An Australian study involving 5,000 infants has found one in 10 has a food allergy, with the highest rates found among children in Melbourne.
Immunologist Professor Katie Allen from the Murdoch Childrens Research Institute conducted the study.
“We gave the food to the child to see where they had objective reactions of an allergy, and 10 per cent of those children did demonstrate food allergies,” she said.
“We don’t want to be proud to be setting records, but there’s absolutely no doubt that’s the highest rate yet published in the world.”
Continue reading Australia ‘on verge of allergy epidemic’
European Academy of Allergy and Clinical Immunology (EAACI) / EAACI: 17 million Europeans allergic to food; allergies in children doubled in the last 10 years Processed and transmitted by Thomson Reuters. The issuer is solely responsible for the content of this announcement. Zurich/Venice, 17 February 2011 – About 17 million people in Europe suffer from food allergies, with 3.5 million younger than 25 years.
Allergies in children between 0 and 5 have doubled over the last ten years and access to the emergency room for severe anaphylactic reactions has increased seven-fold. There are millions of people in Europe for whom even going to the restaurant can be fatal, if the sauce has a bit of cheese or the dessert has traces of hazelnuts. This burden is particularly heavy for children, whose normally active and sociable lifestyle can be severely limited and frustrated for the effort to keep them away from potentially dangerous food. Prevalence of allergies in children changes within Europe, with rates ranging from 1.7 percent in Greece to 4 percent in Italy and Spain, to over 5 percent in France, UK, Netherlands and Germany.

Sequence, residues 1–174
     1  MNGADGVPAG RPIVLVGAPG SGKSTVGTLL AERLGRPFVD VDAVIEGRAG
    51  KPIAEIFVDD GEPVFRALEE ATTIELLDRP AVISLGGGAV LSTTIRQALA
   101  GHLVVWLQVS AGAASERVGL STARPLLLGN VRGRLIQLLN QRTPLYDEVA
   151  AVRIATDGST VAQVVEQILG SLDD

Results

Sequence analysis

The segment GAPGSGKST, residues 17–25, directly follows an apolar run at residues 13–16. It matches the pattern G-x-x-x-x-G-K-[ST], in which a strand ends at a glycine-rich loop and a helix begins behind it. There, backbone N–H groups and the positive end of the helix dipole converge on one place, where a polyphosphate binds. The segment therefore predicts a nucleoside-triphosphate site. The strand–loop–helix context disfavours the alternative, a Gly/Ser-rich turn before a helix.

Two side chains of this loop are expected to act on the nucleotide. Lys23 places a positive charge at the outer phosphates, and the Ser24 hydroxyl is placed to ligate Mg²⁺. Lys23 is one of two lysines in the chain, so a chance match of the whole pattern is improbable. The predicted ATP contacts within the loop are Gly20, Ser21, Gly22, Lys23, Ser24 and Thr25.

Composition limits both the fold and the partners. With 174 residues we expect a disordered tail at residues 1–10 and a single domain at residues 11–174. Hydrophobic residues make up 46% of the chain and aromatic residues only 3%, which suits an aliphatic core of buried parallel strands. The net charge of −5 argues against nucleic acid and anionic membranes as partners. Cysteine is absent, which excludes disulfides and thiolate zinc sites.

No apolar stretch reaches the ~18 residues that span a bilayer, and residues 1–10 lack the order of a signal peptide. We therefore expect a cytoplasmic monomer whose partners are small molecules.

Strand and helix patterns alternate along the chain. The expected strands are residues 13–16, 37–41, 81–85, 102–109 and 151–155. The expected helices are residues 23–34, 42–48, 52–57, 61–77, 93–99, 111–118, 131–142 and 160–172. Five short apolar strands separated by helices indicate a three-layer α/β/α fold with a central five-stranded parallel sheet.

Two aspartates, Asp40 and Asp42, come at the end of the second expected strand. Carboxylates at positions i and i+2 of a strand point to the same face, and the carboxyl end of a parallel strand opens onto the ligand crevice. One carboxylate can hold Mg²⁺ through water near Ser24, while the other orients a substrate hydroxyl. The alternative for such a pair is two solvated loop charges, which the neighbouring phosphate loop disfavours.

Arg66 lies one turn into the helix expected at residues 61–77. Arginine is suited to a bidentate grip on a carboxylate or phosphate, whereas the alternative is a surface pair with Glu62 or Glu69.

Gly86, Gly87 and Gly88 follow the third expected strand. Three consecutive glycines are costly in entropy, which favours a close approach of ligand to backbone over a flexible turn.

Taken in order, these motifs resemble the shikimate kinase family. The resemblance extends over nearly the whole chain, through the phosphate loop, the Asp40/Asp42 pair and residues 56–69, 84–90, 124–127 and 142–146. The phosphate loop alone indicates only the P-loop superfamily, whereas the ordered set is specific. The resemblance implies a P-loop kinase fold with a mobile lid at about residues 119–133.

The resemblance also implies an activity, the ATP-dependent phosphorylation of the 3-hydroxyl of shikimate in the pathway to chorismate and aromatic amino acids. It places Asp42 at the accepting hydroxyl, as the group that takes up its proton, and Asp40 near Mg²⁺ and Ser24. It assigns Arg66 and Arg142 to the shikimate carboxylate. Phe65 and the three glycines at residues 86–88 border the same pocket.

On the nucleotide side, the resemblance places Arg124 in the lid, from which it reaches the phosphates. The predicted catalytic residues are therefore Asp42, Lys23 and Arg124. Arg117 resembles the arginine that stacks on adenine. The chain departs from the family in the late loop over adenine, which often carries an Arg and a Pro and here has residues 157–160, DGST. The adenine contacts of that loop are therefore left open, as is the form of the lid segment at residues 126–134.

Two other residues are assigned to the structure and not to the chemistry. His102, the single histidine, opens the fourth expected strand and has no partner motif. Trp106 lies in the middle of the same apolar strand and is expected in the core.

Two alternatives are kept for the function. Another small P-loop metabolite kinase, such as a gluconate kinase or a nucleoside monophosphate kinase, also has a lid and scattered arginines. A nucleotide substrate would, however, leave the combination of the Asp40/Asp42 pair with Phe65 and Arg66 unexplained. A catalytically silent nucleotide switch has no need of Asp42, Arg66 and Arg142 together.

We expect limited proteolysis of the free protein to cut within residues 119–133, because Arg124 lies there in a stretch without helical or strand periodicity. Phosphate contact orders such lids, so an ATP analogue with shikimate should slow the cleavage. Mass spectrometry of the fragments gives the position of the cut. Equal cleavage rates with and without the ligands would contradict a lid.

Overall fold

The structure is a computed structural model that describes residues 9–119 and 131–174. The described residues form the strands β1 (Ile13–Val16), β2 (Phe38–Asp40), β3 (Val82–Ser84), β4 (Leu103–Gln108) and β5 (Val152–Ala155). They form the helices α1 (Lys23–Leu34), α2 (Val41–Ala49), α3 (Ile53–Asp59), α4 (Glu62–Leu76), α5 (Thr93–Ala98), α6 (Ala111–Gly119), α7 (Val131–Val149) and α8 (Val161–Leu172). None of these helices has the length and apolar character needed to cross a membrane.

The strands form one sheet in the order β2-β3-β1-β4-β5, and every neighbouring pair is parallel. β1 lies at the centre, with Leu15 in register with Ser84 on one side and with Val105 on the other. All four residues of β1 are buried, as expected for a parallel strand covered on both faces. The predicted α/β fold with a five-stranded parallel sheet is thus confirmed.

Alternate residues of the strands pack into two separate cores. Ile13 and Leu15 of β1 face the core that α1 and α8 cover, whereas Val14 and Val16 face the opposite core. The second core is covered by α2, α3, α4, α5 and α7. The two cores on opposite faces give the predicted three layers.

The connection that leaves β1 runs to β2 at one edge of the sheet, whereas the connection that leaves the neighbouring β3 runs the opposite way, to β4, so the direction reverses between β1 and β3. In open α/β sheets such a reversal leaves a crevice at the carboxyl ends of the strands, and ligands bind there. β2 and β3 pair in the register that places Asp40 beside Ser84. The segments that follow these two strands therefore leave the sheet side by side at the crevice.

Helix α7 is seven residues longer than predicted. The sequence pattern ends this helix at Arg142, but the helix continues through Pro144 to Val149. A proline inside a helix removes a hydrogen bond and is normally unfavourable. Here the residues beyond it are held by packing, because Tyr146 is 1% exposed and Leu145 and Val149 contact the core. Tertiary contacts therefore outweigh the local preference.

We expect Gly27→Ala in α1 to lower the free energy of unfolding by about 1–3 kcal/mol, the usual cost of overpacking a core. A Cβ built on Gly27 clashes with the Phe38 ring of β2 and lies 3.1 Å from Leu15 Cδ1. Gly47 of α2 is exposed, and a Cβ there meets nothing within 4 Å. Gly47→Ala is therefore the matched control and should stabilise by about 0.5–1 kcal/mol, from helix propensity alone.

Continue reading EAACI: 17 MILLION EUROPEANS ALLERGIC TO FOOD; ALLERGIES IN CHILDREN DOUBLED IN THE LAST 10 YEARS
Boys are more likely to be diagnosed with a peanut allergy than girls, research has found.
The study in the Journal of Allergy and Clinical Immunology by Edinburgh University researchers analysed 2005 data from over 400 English GP practices.
Children from higher income homes also appeared more likely to be diagnosed.
However, a leading allergy expert said that “inequality of access” to health care could be the reason.
The researchers looked at data on peanut allergies actually diagnosed by a doctor, rather than the actual incidence amongst a population.
The records of a total of nearly three million patients were examined.
Continue reading Peanut allergy diagnoses ‘higher in boys’